The Pottstown Rumble is a 4 day fun-filled event – Thursday June 19 to Sunday, June 22, 2014. Along with amazing competition at all levels of the tournament, we also offer plenty of other activities. The Rumble starts off Thursday with the Pottstown Rumble Juniors Clinic hosted by 2 time Rumble finalist Eric Lucas, 2 time Rumble Champ Svetlana Simic, and indoor professional Remy McBain as well as other high level volleyball players and coaches serving as assistant instructors. Friday brings our Pottstown Rumble Juniors Grass Doubles Tournament. Saturday morning starts off with a bang with a beefed up fireworks show as over 2,000 players eagerly wait to start their day. Saturday afternoon brings Women’s Pro Finals to center court while the Men’s Pro division wraps up Sunday afternoon competing for the $5,000 first place price. There will be food and clothing vendors, an on-site massage therapist, and high-energy music throughout the weekend. All visitors welcome!!
All registrations are first come first serve! You will be notified prior to registering if you are NOT at the main field. Anyone registering after June 15 will be charged a late fee of $20 per entry, this includes walk-on’s if space is available. Walk-on’s will most certainly be playing on satellite fields.
PART Rumble Schedule
Free Pottstown Rumble shuttle service is available from PART. Click here for the schedule.
The website for the Rumble contains all the schedules and information you will need to know, click here: https://pottstownrumble.com/index.php
POTTSTOWN — After two consecutive years of being unable to raise enough money to pay for Fourth of July fireworks, the committee in charge of Independence Day events recognized that they needed some help.
On Thursday, they got some from the Leadership TriCounty Class of 2014, a project of the TriCounty Area Chamber of Commerce.
A team made up of Joyce Bagiraneza from Valley Forge Casino Resort; Rebecca Hobbs from O’Donnell, Weiss & Mattei and Carrie Makoid of Barry Isett & Associates took on the challenge of revitalizing the Fourth of July Committee.
The leadership class teaches team-building through 10-month projects that have specific goals for local nonprofits. When the teams “graduate,” they present findings of their work to the nonprofits.
This weekend, Huntingdon County will celebrate four decades of life on the water as Raystown Lake hits the big four-zero. The Huntingdon County Visitors Bureau has an array of activities and entertainment planned all weekend to celebrate the popular recreation destination. Featuring behind-the-scenes tours of the dam, a Battle of the Bands, various demonstrations, cruises and fireworks, it is all but guaranteed that this will be one birthday bash that will not be soon forgotten.
“June 6 marks the 40th anniversary of the day Vice President Gerald Ford dedicated the dam that forms Raystown Lake in 1974,” said Matt Price, the executive director of the HCVB. “The lake’s history goes back more than 60 years, as the U.S. Army Corps of Engineers first proposed constructing a high-level dam in the valley of the Raystown Branch of the Juniata River in the late 1940s.”
The largest lake entirely set within the commonwealth, the sheer size of Raystown is impressive and is more than capable of accommodating everything the HCVB has in store for the weekend.
Scranton will roll out the red carpet to welcome the new year.
First Night Scranton will once again keep the city’s downtown abuzz on New Year’s Eve with live music, family-friendly activities and fireworks, and this time it will do so with Hollywood-style flair.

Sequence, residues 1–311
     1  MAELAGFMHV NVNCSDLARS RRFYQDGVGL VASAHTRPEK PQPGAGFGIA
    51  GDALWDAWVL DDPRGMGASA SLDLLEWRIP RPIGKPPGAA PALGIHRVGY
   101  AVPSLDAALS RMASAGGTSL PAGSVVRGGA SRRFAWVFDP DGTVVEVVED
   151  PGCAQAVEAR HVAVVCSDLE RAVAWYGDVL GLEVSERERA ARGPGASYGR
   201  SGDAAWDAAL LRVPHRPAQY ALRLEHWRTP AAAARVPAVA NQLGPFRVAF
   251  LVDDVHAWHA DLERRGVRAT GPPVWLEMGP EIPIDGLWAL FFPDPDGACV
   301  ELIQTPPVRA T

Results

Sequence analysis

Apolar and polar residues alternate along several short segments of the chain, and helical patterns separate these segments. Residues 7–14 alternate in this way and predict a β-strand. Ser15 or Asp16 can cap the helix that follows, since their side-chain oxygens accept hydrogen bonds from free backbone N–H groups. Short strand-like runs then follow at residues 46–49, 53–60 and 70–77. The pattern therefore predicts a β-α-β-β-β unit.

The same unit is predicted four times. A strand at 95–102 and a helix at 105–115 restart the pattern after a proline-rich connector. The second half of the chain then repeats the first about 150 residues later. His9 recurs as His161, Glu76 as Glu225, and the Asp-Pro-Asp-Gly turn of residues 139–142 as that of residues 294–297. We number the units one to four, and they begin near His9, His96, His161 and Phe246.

“It’s our 15th anniversary, so I thought, well, you know what? We’ve got to do something big,” said Paige Balitski, one of the event organizers. “What’s bigger than Hollywood? It’s fun. You can play off of movie stars and films.”
The different activities taking place throughout the night will touch on the Hollywood theme, with musicians set to perform movie themes and love songs and other activities drawing inspiration from films. Costumed characters from popular movies will greet guests, for instance, Ms. Baltiski said.
His move involves money transfers to the foundation, and the move temporarily put the Pagoda’s New Year’s Eve fireworks show into question over liability issues. But after a meeting of foundation members Thursday evening, Chairman Lee C. Olsen said the fireworks will go on.
The foundation has been running the programs at the Pagoda the last two years without an agreement. The group had been asking the city to approve the pact before the New Year’s Eve fireworks celebration, in which the foundation has a part.
Meanwhile, City Council President Francis C. Acosta said he has called for a special meeting of council early next week to override the mayor’s veto.
They filtered into the city, slowly at first, late on Friday afternoon, some pushing strollers, others holding hands and huddling under umbrellas.
They were determined to celebrate Pittsburgh’s annual Light Up Night.
Before nightfall, the rain stopped, the crowds swelled and Pittsburgh did not disappoint, putting on a show that began with the lighting of eight Christmas trees across Downtown and ending with a fireworks spectacular.
The holiday kickoff got under way early in the afternoon at the courthouse, where Allegheny County Executive Rich Fitzgerald lit LED lights installed at the top of the 325-foot tower. A crowd gathered at the corner of Grant Street and Forbes Avenue at noon to watch the tower shine red and green for the first time in its 125-year history.
The 53rd-annual Light Up Night on Nov. 22 will offer an additional performance stage in Mellon Square, another new show in Market Square and a three-block area of Smithfield Street where you can enjoy nostalgic dancing in the street. And the Peoples Gas Holiday Market, returning for its sophomore year Nov. 23 to Dec. 23, will be twice the size of last year’s European-style Christmas market.
Mellon Square will host the new Northwest Savings Bank Stage, where Pittsburgh classic-rock bands The Elliotts and Totally 80s will perform on Light Up Night, overlooking Smithfield Street.
Nearby, at the Macy’s Stage on Smithfield Street, Gloria Gaynor will perform to coordinate with the unveiling of the famous Macy’s windows. And on Smithfield Street, visitors can “Dance Through the Decades” as they enjoy live music from the ’60s, ’70s and ’80s, along with laser effects and bubble machines.
POTTSTOWN — Historic re-enactments, a mini balloon festival, cook-offs, a beer tent, local musicians and, of course, fireworks.
Lots and lots of fireworks.
Memorial Day has arrived and thus, the unofficial arrival of the summer season.